Tuesday, September 12, 2017

Stop Researching and Start Writing

How to Know When to Stop Preparing and Just Do It

I recently quit my job. Just last month. I was the marketing assistant for a one-woman office. The job was okay, but the boss was NOT. Five weeks was all I could handle.

You want me to write a blog post for you? Sure! Not so fast, Christie. Little did I know she would be worse than a flock of mosquitos at the Bayou in summer, waiting to pounce on the first sight of human flesh at the break of day. She definitely wins the "Worst Boss Ever" award.

"No, you can't use the word cleanse! That's a gypsy word. You have to use the word clear. Never cleanse." My, oh, my. And that was seriously just the beginning.

STOP Researching & START Writing || How to know when to stop preparing and just do it, when to start writing, when to stop writing, when to begin research, how to know when you're finished researching

Stop Learning and Start Doing

But today, we're talking about a different kind of beginning. How to know when to stop researching and when to start writing. Or in my case, how to stop taking a hit and learn when to duck!

I have to admit that part of this analogy actually comes from the business/education world(s). They say, "Stop learning and start doing." People who want to start their own business are "all in" when it comes to the learning aspect. They (myself included) can become caught up in the learning mode and keep learning and learning and learning. It's easy to let research become your crutch to not face the fear of action. Research can become a form of procrastination.

Modes of Research

While you might not be conducting formal research for a term paper, both fiction and nonfiction require a certain amount of research. Every project is different. There's research for how to write, research for how other writers accomplish the craft, and research for the minute details you'll include.

Maybe you're researching setting, a time period, types of characters, a particular career, details of a certain person (biographies), or anything else you need to know. Here are some popular modes of research.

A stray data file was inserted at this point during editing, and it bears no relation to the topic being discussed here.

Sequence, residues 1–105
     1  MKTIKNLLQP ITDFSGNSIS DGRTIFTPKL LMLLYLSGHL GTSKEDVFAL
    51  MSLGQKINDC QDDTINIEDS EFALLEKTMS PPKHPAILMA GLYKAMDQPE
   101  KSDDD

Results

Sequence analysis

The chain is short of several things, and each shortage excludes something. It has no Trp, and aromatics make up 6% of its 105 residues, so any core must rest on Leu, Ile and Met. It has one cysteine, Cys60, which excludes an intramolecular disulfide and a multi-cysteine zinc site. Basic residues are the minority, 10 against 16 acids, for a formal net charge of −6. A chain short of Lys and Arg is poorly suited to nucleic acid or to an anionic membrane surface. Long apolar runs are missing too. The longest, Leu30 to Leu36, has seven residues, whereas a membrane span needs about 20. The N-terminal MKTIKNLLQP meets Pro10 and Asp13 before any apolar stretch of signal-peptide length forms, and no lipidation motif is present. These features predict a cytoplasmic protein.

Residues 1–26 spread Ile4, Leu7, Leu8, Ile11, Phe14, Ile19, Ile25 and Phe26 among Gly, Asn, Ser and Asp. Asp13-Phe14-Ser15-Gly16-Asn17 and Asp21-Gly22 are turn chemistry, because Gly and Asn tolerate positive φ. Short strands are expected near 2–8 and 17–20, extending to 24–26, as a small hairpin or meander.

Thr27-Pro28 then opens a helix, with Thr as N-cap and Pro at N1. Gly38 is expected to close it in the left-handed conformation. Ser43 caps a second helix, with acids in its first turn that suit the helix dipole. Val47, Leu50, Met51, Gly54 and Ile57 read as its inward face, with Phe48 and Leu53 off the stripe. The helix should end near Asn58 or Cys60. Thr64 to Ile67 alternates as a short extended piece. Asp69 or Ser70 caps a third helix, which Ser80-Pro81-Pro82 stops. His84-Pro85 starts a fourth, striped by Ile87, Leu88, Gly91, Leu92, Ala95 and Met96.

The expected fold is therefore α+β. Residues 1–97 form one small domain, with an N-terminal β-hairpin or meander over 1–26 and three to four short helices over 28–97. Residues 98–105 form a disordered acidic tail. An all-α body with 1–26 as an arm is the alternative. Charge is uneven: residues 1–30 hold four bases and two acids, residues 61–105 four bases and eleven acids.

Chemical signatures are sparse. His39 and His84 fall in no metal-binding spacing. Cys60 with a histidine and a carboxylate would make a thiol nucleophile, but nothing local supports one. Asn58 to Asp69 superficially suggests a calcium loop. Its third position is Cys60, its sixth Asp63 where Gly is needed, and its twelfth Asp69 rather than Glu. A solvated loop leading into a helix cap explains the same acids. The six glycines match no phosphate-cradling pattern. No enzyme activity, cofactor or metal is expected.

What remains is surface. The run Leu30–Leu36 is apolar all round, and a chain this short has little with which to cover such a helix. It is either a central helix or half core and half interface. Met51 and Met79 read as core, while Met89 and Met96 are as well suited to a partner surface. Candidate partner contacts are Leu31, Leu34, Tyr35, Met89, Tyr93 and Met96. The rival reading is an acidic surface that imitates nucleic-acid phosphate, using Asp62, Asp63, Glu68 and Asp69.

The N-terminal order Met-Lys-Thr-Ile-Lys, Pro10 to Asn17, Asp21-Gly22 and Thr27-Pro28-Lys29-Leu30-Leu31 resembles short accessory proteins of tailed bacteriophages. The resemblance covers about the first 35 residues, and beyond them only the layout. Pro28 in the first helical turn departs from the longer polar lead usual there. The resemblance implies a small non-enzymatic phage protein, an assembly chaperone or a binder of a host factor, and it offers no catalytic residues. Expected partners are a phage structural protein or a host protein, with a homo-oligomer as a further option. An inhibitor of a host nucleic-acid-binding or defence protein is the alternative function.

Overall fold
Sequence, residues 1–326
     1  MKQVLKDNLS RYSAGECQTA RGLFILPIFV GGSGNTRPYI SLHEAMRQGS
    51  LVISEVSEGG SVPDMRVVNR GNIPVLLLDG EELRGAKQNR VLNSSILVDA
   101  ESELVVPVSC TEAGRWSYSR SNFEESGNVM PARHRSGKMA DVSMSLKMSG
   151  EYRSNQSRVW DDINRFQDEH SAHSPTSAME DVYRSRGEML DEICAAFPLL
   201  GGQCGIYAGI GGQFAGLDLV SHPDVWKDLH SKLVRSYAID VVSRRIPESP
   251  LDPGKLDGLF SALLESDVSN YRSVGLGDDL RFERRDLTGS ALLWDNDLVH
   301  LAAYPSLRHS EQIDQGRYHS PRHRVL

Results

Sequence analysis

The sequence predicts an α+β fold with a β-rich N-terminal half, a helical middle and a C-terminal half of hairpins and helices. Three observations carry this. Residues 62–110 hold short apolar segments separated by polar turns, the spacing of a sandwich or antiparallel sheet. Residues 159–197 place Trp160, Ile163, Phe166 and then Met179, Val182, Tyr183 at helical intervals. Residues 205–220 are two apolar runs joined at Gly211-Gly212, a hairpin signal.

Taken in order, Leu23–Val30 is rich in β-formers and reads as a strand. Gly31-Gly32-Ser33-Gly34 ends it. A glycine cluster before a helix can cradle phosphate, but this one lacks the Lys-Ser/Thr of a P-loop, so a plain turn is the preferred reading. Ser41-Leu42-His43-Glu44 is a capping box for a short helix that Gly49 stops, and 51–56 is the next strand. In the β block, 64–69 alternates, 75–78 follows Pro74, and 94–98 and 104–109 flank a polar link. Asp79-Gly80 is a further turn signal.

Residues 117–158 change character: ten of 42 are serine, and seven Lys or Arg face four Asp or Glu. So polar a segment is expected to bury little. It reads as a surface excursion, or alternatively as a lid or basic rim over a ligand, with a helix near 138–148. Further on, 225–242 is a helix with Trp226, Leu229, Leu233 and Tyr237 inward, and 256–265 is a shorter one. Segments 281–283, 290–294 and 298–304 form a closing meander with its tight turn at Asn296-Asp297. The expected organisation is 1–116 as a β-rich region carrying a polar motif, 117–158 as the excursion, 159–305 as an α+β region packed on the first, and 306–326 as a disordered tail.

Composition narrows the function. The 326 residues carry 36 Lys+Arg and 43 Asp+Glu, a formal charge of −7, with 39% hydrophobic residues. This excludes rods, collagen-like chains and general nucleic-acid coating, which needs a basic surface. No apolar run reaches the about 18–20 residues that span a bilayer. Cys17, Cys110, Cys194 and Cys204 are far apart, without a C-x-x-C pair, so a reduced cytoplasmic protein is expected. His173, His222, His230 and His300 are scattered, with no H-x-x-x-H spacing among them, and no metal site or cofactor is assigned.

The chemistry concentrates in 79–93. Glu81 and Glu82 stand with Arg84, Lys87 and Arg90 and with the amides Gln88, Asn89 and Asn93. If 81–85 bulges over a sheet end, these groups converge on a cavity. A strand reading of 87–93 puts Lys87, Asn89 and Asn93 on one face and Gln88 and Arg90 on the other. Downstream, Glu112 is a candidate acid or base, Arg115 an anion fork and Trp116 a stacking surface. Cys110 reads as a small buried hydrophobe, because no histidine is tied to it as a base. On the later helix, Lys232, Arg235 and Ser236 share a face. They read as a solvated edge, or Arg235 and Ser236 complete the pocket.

• Reading. Perhaps you are studying the nuances of your favorite authors. Reading is a great way to do this. 
  • Travel. Maybe you need to travel to learn more about a setting, or to research a particular document held in a certain locale. Travel is a great way to feel more connected to those details.
  • Interviews. Interviewing the experts in the topic you need help with is an easy way to get inside the mind of a certain character, or simply to learn information in a more accessible way.
  • Studying. This likely involves reading, but it's more intense than a pleasurable novel. This includes books about how to write, in all the different varieties. It also includes blog articles about anything you need to know to get the job done.

Start Writing

So, how do you know that you have enough material for your book? What if you miss an important detail? Here's the thing. Once you have enough information to fill in the gap for why you're researching, you can go ahead and write that part, whether it be a character, the setting, a few details about a trip to the zoo, or something else. But if it's overall research you're doing, you'll probably be in research mode for a bit longer. Like if you're writing a biography. Either way, when you're able to explain what you're researching without your notes, then you're ready to start writing.

Sometimes quitting is a bad thing. Like when you're running a race and you're tired. Your lungs are burning and your legs and feet ache, but you want to cross the finish line, so you refuse to quit. But sometimes quitting is a good thing. Like when your boss is a Voodoo Lady. Or like when you want to give up binge-watching TV. Or when you have enough research to start your business or write your book. It's time to stop learning and start doing.

For some more tips on how to start writing your novel, you can read: The Only 5 Plot Points You Need to Start Writing a Novel, The Shape of a Story, or Outline Your Story in Less than a Month.

What project are you working on right now? What did you need to research? Share in the comments!

Keep on keepin' on...



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